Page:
Most teachers don’t have a PhD in education, but we know what works. We know that no matter how much things change, the one quality that separates man from animals is and has always been the ability to think critically. Thus only we have the ability to create and adapt to the world around us. No matter what changes are made to education, the bottom line is, and will always be, if you are not teaching students to think critically and challenging them to do it, you’re not educating them.

Why can’t our teachers do this right things? Policies created by non teachers and corporate/government run agencies.

So what will  happen as a result? We already see  the loss of our best teachers. We see the loss of critical thinking as a result of standardized tests and the huge amount of time dedicated to that effort. We see the loss of best practices and sharing. We see the demise of the best American education had to offer as nations like Finland succeed by taking those very processes we developed decades ago.


In 2009 the NYCDOE officially closed Adlai  Stevenson High School in the  Bronx, New York as part of its “revamping policy regarding large “failing” high schools they deemed unsuccessful. I taught and coached there from its opening in 1970 through 1986. I still have relationships with many of my former students. To me it was not failure. Policies were failures. The author of the speech, my friend Bernie Keller, taught English there for 35 years. He gave the last graduation speech.



One of the best and most important lessons my parents taught me, (and the rest of my siblings), was never to allow others to define me, or to write my story. A more urbane epithet for this statement would be, “Let no man write my epitaph.” People will say Stevenson failed, that the teachers and the supervisors and the students who learned there failed. That is their perception, that is their definition, that is their story. An African proverb states, “The lion never gets to tell the story of the hunt.” This is because the lion always dies, so only the hunter, the survivor, is left to tell the story, or at least, his version of it. Each of you sitting in the audience today as graduates, along with your brothers and sisters, parents and grandparents, uncles and aunts and cousins who graduated form Stevenson High School must tell the story. The story must be told through the colleges you attend, the professions you enter, the lives you lead and the contributions you make to your communities, this city, this state and this country.

Those who see Stevenson High School as a failure, see something I do not see, because that is not what I lived or experienced throughout my three decades of teaching here. While Stevenson wasn’t perfect, (and no place on earth is), Stevenson was a living, breathing community. The people I was privileged to work with and the students I had the opportunity to teach throughout my tenure there were special people. The teachers I admired and respected were hardworking, with a sense of loyalty and commitment. They understood that a teacher “touches eternity,” and they took that responsibility seriously. They helped their students to stretch for their dreams and gave them the means to reach those dreams.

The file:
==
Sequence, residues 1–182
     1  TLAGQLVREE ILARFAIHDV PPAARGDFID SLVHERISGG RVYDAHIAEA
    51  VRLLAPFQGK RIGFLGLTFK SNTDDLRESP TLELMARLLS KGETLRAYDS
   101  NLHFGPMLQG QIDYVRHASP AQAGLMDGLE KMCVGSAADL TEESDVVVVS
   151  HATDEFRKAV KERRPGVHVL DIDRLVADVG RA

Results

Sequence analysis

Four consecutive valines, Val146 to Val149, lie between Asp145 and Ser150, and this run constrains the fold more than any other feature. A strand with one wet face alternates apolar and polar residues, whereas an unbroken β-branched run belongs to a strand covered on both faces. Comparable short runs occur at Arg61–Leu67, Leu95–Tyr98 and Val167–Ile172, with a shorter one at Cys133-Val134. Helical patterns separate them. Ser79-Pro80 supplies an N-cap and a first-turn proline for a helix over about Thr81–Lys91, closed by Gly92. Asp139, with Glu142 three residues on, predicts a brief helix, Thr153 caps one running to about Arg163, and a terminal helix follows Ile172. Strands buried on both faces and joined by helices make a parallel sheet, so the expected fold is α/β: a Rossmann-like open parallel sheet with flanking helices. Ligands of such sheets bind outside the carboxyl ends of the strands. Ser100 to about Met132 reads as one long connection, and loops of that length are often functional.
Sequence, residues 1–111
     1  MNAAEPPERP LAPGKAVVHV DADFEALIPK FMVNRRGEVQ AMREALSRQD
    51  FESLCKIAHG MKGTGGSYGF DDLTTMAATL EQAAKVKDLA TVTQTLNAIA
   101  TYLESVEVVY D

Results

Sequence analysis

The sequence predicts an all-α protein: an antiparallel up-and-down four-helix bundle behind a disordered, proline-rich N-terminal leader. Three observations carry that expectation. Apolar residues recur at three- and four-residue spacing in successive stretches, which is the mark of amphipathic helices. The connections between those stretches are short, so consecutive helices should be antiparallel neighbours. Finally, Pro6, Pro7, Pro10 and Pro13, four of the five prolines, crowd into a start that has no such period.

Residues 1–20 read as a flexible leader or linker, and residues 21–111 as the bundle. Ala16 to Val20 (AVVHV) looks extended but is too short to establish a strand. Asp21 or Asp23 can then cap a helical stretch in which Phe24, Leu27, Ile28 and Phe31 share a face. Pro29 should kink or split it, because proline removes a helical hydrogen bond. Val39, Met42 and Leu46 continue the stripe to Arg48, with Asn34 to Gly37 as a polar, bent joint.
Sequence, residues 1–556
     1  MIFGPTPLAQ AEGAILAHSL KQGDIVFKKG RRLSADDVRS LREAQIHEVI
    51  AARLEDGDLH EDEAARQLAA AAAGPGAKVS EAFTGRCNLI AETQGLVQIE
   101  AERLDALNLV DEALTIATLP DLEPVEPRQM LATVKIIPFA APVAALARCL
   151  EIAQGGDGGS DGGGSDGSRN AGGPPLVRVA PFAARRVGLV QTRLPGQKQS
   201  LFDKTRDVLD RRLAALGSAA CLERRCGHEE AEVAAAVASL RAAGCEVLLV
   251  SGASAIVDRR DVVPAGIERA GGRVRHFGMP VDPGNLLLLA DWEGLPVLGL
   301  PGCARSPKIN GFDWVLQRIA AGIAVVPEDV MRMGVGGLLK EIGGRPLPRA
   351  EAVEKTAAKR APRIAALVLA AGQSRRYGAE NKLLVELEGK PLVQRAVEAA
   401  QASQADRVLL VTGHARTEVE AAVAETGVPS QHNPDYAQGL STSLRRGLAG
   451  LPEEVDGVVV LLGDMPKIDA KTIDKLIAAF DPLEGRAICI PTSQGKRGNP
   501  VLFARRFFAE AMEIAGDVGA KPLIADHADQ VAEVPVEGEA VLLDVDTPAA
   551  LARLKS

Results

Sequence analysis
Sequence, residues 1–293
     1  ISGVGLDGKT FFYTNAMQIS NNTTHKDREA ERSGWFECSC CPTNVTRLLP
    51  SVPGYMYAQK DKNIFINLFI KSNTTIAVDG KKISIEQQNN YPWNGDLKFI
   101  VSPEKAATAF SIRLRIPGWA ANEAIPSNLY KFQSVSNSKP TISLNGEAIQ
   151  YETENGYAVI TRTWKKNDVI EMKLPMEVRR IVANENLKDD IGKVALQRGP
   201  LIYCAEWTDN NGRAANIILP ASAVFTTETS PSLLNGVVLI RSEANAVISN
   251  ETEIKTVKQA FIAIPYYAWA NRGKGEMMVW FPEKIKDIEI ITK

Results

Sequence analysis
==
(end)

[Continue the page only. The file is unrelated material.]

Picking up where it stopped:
Every year, a new group of ninth graders walked into Stevenson, wide-eyed and overwhelmed, and four years later, more often than not, they left with their heads in the clouds, but their feet on the ground, with a vision for their lives hewn from the dreams, doubts, uncertainties, questions and wishes they possessed when they began as a result of the classes they took and the people who taught them. They learned you do not measure greatness or success with some number on a test paper or graduating in four years. They learned that you measure success, not by where you end up, but that the true measure of success and greatness is what you have to overcome in order to have that success. The diamond, the hardest substance known to man, is nothing more than common coal, until the weight of the earth crushes the coal and transforms a worthless lump of coal into a valuable gem. Like that diamond, it is the adversity and the challenges one must face in order to get where one wants to go to create the person one wants to be that produces the diamonds of our lives.

There were no shortcuts, no easy ways out. There was no magic, no miracles. While every student was given the opportunity to meet their challenges and adversities, not every one was willing to fight for what they wanted. For them, the battle was too hard, or it took too much work. They did not succeed, but those who were willing to do the work, to face down the struggles and the problems, those who were willing to persevere, those people are sitting here today, and they have sat in these chairs for the past thirty-five years.

Thirty five times, purple and white robed graduates have walked down these aisles and across this stage to begin a new chapter in their lives. Thirty five times, they have stood and walked forward in the faces of the doubters, the empty promises and the failed fads. I’m sorry, but that doesn’t sound anything like failure to me.